What is haemostasis?
Haemostasis (also spelled as hemostasis, depending on dialect) is related to inflammation: it only tends to happen during vascular injury. In the brain, this process can happen when the blood vessels are injured, such as in slit haemorrhages or in trauma. It is split into primary and secondary haemostasis. Under normal circumstances, this function serves to help stitch up wounds, but presence of inhibitors or factor deficiencies can lead to abnormal bleeding times. As the Smart Art Graphic below shows, there needs to be a balance between the processes of clotting (coagulation) and bleeding (fibrinolysis) in order for the body to work properly.
Primary haemostasis takes place over several stages and ultimately results in the formation of a platelet plug over the site of the wound. They are explained below.
- The blood vessels is normal with intact wall and is covered with a single layer of endothelial cells
- When the endothelial wall is damaged, the basement membrane and collagen fibres are exposed to the bloodstream.
- Platelets move in and start to stick to the collagen fibres.
- The adhered platelets release granules and attract more platelets to the site.
- A plug of aggregated platelets is formed.
Secondary haemostasis is also known as the coagulation cascade, and it ultimately results in the formation of a fibrin clot, which is relatively stable compared to the platelet plug. The coagulation cascade has two components: the extrinsic pathway and the intrinsic pathway. They merge together to form the common pathway.
How are the pathways activated?
The intrinsic pathway is activated by the exposure of negatively charged surfaces, whilst the extrinsic pathway is activated by tissue factor. Each of the ingredients of the pathway have Roman numbers based on their order of discovery: I’ve added the English equivalents below.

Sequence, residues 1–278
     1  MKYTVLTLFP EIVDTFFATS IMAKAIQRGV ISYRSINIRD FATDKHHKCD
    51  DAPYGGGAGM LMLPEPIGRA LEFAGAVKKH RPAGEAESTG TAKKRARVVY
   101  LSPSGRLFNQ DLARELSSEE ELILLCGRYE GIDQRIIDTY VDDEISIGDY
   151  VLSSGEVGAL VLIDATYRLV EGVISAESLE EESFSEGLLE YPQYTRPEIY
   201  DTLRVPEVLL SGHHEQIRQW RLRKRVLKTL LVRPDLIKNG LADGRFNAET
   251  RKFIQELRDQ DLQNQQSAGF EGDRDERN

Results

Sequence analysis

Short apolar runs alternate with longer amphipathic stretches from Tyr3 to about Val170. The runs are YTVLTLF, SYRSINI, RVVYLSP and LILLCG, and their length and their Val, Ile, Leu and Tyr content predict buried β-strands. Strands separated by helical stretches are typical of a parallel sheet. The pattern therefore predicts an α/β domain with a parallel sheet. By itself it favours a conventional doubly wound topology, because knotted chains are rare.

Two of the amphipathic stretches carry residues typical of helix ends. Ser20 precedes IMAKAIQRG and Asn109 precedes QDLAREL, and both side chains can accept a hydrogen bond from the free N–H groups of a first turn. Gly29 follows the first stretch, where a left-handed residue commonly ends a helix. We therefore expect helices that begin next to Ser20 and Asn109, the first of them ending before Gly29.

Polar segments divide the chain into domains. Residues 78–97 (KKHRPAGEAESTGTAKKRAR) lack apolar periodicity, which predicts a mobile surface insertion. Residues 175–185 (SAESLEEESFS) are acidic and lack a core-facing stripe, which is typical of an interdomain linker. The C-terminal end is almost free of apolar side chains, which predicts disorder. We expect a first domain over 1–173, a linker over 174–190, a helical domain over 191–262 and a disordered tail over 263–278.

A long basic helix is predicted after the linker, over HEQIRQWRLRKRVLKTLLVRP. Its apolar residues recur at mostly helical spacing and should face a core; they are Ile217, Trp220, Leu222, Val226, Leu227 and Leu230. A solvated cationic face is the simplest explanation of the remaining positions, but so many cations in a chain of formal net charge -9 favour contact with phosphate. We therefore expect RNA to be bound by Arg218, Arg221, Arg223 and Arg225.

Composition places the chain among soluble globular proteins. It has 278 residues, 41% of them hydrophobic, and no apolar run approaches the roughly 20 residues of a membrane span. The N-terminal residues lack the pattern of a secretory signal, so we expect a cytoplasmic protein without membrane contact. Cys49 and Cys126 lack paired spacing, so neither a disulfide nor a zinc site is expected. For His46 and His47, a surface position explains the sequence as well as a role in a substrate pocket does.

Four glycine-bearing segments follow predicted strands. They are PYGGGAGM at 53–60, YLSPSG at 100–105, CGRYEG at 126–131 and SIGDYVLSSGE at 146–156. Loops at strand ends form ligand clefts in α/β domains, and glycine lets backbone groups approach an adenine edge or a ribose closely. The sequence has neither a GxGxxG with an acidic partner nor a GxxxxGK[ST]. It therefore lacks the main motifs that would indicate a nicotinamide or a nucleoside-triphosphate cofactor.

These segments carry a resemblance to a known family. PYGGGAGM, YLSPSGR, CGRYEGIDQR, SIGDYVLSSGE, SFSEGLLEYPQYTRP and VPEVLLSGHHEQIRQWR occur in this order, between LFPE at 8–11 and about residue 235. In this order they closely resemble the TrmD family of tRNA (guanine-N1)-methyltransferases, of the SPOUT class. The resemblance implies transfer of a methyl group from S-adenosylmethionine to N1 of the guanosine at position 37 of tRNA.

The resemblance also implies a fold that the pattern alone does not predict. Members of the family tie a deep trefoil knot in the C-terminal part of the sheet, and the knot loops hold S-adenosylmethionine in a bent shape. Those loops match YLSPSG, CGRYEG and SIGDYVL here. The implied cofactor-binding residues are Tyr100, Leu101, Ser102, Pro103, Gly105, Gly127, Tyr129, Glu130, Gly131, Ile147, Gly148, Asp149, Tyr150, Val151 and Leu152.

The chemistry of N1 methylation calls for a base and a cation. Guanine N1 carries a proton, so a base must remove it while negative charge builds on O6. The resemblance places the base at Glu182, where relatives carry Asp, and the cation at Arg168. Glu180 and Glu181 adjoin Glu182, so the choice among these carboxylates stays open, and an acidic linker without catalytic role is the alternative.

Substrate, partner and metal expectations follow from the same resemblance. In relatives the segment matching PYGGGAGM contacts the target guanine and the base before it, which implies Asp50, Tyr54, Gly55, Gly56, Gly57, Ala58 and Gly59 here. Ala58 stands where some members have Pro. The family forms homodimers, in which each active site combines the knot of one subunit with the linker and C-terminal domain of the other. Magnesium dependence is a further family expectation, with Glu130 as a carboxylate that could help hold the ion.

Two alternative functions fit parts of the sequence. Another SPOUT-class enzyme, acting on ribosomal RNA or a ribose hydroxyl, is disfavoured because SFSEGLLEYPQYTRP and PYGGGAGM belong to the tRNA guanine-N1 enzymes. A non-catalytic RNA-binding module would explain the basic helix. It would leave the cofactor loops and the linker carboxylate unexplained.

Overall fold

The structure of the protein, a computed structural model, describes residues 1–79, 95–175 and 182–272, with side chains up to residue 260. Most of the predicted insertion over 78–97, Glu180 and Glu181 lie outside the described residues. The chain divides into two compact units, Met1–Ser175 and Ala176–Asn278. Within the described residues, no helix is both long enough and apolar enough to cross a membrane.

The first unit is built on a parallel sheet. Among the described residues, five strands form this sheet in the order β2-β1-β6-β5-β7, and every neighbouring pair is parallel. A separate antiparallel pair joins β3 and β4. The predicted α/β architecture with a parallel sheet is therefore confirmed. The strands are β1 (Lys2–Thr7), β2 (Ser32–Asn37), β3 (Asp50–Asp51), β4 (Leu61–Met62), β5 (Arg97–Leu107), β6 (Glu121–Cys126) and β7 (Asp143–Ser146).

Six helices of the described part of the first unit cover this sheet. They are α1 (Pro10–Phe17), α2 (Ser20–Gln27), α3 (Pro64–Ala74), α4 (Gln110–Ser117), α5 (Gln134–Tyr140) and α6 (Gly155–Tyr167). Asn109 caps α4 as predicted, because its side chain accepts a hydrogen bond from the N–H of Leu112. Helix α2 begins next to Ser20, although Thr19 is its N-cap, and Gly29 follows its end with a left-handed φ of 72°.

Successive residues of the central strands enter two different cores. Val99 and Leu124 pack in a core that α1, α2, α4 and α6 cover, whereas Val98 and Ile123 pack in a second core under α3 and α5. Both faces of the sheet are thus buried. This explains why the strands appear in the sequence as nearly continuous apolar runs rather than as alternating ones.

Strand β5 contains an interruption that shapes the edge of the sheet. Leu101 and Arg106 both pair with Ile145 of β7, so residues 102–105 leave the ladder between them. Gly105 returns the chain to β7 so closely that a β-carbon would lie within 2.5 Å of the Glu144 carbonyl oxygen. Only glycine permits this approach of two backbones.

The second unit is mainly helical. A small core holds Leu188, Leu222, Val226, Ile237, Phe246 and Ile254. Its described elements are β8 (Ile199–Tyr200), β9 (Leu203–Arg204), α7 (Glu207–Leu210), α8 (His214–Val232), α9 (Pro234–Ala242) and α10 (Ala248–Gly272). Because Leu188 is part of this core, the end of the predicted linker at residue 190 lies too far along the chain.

What are each of the pathway made of?
Each of the components within the three pathways is listed in the table below.
- Factors II, VII, IX, X, XI, XII, XIII (2, 7, 9, 10, 11 and 13) are all known as zymogens: they are all inactive at first, but they are activated by enzymes.
- Factors II, VII, IX and X (2,7, 9 and 10)are known as vitamin K dependent groups: they are produced in the liver and are dependent on vitamin K to become activated.
- Factors XII and XI (12 and 11) are members of the contact group: they are activated by exposure of collagen fibres
- Factors I, II, V, VIII and XIII (1,2,5,8 and 13) are all thrombin sensitive.
What are the functions of tissue factor?
Tissue factor plays several roles in the process of haemostasis (in the intrinsic pathway):
- Forms a stable complex with Factor VII (7).
- Converts FVII (7) to Factor VIIa (activated factor 7)
- Increases the affinity of FVII (7) for Factor X (10)
- Enhancing the ability of FVII to activate FX, the first component of the common pathway.
How does the coagulation cascade run?
The coagulation cascade is demonstrated in the Smart Art Graphic below. Each activated factor activates the next factor in line. The intrinsic and extrinsic pathways are activated first. The extrinsic pathway intersects with the FIXa complex (which activates FX). The Factor Xa complex activates prothrombin to form thrombin.